So you are a landlord and you are renting out apartments or a home. One question you need to ask yourself is: should I allow pets? And to what extent? Today we will discuss the pros and cons of allowing renters to own pets. Get the most out of your investment (especially when using any type of loan, like a Rehab Loan with us) by doing your research.


Dogs: Great protection or wall-chewer?

  • Pets can cause damage. Large dogs, cats, and even birds or rodents can cause damage to floors, walls, electric units, plumbing, yards, and they can even leave dander and fur to irritate future tenants or even nearby tenants. Similarly, animals make noise. Tennant complaints can cause tension between everyone involved.
  • Pets make messes. This can affect yards as well as flooring. Pet stains (and destructive behavior) can cause permanent damage to any type of flooring as well as walls. Yards can become covered in patches of grass that does not grow anymore and they can dig up plants, decreasing the physical value of the property you are renting out. You may end up paying more for the repairs than the deposit the tenants put down.
  • Not everyone is honest about their pets. Most pet owners assume their pets are 100% perfect angels who would never cause damage to the property or annoy the neighbors. Additional screening on a case-to-case basis for allowing pets involves changing the lease, keeping up with the damage, and documenting the exact condition of the property before a pet enters.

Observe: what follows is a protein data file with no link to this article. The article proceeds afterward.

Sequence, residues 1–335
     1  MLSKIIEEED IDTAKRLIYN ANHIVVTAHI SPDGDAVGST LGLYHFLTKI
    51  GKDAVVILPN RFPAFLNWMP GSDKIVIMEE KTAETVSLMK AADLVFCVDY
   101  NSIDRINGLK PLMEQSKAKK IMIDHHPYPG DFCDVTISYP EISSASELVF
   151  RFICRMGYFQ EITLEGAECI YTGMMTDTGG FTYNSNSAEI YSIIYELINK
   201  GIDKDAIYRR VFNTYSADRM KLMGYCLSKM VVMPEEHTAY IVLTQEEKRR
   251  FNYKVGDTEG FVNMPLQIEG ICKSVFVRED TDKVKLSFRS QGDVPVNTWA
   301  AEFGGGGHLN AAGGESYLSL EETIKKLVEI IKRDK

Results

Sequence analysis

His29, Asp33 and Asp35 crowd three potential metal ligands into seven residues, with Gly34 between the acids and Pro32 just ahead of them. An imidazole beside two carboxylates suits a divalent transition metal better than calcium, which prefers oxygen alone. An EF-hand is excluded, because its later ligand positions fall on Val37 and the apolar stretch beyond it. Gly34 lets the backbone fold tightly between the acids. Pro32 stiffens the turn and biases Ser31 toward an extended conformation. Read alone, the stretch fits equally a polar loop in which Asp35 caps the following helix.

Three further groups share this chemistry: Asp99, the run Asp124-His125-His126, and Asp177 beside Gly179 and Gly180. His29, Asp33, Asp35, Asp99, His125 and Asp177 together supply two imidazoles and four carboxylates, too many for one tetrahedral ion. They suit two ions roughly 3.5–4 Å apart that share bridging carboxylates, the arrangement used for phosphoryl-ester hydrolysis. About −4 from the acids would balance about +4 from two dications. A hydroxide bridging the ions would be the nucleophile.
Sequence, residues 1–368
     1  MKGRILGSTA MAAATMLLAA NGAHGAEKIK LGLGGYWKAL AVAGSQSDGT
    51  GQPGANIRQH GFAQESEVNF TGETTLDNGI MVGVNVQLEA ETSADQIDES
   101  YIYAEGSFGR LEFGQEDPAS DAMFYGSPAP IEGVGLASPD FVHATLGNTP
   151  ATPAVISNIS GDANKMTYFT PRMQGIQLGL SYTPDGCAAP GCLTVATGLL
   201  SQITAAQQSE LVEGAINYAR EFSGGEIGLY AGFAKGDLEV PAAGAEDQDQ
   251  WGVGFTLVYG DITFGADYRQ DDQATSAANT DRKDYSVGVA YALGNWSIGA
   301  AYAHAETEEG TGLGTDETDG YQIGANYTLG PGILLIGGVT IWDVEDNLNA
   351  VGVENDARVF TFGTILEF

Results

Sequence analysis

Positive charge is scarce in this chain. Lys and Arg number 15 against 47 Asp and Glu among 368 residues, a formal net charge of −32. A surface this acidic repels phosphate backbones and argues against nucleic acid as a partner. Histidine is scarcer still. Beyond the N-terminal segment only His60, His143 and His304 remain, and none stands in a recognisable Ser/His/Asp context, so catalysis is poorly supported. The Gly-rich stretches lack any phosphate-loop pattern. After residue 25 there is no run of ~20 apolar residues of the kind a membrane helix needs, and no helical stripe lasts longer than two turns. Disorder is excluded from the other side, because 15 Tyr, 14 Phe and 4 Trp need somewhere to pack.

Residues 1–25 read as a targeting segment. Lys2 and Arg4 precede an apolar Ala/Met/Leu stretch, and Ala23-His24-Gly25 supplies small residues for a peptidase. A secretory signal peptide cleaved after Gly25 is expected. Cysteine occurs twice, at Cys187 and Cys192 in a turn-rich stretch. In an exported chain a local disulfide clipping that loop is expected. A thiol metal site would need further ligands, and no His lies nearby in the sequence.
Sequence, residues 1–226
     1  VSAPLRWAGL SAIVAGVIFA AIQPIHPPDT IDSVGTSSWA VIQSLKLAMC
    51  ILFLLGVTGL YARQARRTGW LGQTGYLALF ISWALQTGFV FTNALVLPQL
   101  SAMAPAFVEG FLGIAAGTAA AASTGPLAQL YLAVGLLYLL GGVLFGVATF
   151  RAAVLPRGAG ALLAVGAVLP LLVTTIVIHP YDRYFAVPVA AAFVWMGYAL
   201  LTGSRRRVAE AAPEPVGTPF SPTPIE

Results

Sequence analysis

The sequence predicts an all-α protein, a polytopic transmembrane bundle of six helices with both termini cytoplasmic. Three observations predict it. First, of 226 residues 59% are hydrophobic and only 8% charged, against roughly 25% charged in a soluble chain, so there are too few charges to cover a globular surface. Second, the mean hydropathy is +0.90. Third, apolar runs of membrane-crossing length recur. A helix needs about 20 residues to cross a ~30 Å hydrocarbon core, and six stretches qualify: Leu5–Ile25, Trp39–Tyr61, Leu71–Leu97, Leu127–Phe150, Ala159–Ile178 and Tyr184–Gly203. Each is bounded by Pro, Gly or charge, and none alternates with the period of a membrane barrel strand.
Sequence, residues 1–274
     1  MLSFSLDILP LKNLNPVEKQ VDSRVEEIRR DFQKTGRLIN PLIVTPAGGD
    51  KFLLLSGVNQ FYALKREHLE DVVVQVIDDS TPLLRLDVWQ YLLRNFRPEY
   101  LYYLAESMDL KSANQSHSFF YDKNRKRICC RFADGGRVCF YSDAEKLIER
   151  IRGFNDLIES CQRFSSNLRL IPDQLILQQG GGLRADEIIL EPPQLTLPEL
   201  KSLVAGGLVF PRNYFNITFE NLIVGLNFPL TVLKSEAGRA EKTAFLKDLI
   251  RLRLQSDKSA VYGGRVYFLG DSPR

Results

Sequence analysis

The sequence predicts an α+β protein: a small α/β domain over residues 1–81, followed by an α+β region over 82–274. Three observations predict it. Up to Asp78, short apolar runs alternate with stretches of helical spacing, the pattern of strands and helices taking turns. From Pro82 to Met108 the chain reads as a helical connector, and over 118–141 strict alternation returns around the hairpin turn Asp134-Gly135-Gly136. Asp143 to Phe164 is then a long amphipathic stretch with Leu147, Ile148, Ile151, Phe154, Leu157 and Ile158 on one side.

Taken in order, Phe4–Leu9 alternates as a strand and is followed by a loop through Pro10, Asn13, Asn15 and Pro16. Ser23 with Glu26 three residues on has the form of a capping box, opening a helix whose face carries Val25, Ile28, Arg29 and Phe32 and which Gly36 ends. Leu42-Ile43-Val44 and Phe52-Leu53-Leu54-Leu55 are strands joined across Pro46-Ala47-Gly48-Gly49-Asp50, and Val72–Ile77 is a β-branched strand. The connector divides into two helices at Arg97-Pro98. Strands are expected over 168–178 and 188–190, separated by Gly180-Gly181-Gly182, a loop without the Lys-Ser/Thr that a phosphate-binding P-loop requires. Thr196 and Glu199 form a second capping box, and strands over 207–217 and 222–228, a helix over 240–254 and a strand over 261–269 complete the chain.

• It is difficult to decide which animals are allowed and which aren’t. If you own an apartment building or a series of houses and your tenants find out that one unit is allowed to have a bird and another is allowed a de-clawed cat, they may argue that it’s not a large jump for you to allow them to bring in a Great Dane who has not been potty trained.


  • Honestly, some people will try to sneak pets into a rented location anyway. The best way to handle this, should you choose to allow pets, is to have the renter sign the lease stating they are fully responsible for any repairs needed because of the pet ownership.
  • Depending on the animal, pet ownership can help with the security of the building. Some people are interested in guard dogs (who just so happen to double as companions) and when they are trained properly, a guard dog or a dog who just so happens to be great at guarding, can decrease the risk of break-ins. Not all guard dogs need to be big, either. Some small dogs can bark and keep up with pit-bulls and mastiffs in attitude. In the dark, even a small dog can scare off potential thieves.
  • People love their animals and so many landlords are afraid to allow pets. Some people will search for months for a place to live that allows their furry friend (even something small like a hamster). You may be the one who prevents that animal lover from choosing an overpriced apartment or a home on the wrong side of town. You also may not have vacancies nearly as long if you allow pets.
  • You can always conduct screening and watch how the animal and owner interacts before renting to someone with pets. You can also put in the lease that it is up to your discretion if the animal (and maybe even tenant) can stay if problems arise.

In the end, whether or not you allow pets is your decision. It is always wise to weigh the options and take into account cost of repairs as well as happiness of your tenants. Read more here.